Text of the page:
TODAY, the Westminster Parliament will debate giving a green light to replacing the existing Trident submarine nuclear deterrent system.

Actually, as everyone knows, work has long since begun on designing and constructing four new submarines to replace the existing, ageing Vanguard-class boats that carry the UK’s Trident missiles. The original decision to replace Vanguard was made by Tony Blair in December 2006.

The whole point of the Tory Government calling the debate today is to nuke the Labour Party while it is still embroiled in its own civil war. Cue right-wing Labour backbenchers knifing Jeremy Corbyn in the front.

Nuclear weapons are dear to the heart of the Labour right. It was Labour, not the Tories, who fathered the British nuclear deterrent in the first place. In 1946, Labour prime minister Clement Attlee and a small group of his cronies secretly took the decision to build Britain’s first atomic weapons.

Attlee’s foreign secretary, the pugnacious Ernest Bevin, summed up the decision: “We’ve got to have this thing over here, whatever it costs. We’ve got to have the bloody Union Jack on top of it.”

Acquiring nukes nearly bankrupted the British economy in the 1950s. And it was done in secret. Attlee was out of office by the time the first Labour-ordered British nuke was tested in 1952.

Churchill had returned to Downing Street as prime minister. His verdict on Attlee’s nuclear programme was swift: “I was rather astonished that something well over £100m could be disbursed without parliament being made aware of it”.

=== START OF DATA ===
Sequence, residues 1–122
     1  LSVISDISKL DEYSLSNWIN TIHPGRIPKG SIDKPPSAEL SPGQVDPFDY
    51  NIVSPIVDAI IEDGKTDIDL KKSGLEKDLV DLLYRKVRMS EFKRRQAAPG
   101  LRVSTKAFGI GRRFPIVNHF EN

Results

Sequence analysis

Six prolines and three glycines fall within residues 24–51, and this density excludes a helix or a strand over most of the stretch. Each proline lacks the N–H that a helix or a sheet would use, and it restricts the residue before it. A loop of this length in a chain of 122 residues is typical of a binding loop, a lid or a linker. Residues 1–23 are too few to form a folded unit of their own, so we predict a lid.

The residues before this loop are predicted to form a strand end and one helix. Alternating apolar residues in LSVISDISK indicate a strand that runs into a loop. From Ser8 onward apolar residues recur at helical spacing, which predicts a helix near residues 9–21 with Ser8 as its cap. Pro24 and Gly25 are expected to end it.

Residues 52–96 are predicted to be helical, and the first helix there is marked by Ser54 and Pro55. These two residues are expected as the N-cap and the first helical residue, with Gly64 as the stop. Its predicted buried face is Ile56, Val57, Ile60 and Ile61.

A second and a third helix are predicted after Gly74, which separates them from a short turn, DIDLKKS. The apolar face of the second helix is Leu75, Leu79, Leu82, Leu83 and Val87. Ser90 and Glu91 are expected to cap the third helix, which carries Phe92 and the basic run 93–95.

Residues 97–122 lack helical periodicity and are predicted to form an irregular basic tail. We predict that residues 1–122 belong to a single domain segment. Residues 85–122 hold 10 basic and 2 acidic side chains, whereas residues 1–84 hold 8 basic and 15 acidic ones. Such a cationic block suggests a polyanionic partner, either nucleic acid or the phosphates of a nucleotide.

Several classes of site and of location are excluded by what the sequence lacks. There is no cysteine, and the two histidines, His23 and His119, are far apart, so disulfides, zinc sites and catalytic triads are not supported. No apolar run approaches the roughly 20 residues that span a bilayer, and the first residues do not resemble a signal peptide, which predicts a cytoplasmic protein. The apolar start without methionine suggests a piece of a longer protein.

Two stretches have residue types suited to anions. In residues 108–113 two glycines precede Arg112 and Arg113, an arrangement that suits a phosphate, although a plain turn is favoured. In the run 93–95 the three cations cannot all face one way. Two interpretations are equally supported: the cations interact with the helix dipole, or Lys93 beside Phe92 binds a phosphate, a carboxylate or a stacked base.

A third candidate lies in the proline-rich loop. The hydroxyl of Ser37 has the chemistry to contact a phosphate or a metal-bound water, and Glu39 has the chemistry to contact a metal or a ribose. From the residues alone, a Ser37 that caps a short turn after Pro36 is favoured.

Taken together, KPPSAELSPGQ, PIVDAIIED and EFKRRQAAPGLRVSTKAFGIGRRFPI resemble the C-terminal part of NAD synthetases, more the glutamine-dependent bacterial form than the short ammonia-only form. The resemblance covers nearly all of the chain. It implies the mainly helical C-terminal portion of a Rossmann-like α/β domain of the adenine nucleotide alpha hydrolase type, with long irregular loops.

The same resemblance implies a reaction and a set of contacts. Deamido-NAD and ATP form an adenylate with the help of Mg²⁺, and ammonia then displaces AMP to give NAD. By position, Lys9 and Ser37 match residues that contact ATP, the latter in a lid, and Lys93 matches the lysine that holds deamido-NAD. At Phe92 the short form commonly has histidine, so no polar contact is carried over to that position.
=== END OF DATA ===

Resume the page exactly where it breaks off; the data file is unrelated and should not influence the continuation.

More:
For £100m in 1952, read circa £4billion in today’s money. But that was only part of Labour’s nuclear bill. There were three different types of V-Bomber to deliver the weapons – their procurement made up around a fifth of the entire spending on defence in the 1950s. Then, there were the nuclear power stations to manufacture fissile material for Britain’s atomic bombs – and discretely for America’s, under the 1958 US-UK Mutual Defence Agreement.

In another affront to democracy, Britain’s early military power stations were disguised as ‘peaceful’ electricity generating stations.

In 1957, a fire broke out in the core of one of the military reactors at Windscale, a result of faulty instrumentation. Radioactive material cascaded into the atmosphere through a 400ft-high chimney, making a deadly plume over the Lake District and beyond, blown inland towards Wales.

This was Britain’s worst ever nuclear “accident” – and Europe’s deadliest until Chernobyl in 1986.

Naturally, there was a gigantic cover-up. Only in 1993, did the Health and Safety Executive reveal that in the immediate neighbourhood of the disaster, the incidence of leukaemia and non-Hodgkin lymphoma was still14 times the UK national average.

The old 1950s reactors at Sellafield – built as part of Britain’s early nuclear weapons industry – are now in the process of being decommissioned. The latest estimate of the cost of decommissioning is a staggering £48billion.

We are still paying for Clem Attlee’s nuclear folly.


SNP calls for a delay as MPs prepare for Trident debate


In October 2008, The Guardian revealed that Gordon Brown’s administration had granted Sellafield (run by an American-led consortium) an unlimited financial indemnity from the taxpayer against future accidents.

The economic impact of Labour’s infatuation with nuclear weapons was disastrous – something that we’ll not hear a lot about in today’s debate on Trident 2. We will be told that building a replacement submarine fleet will create jobs and safeguard skills.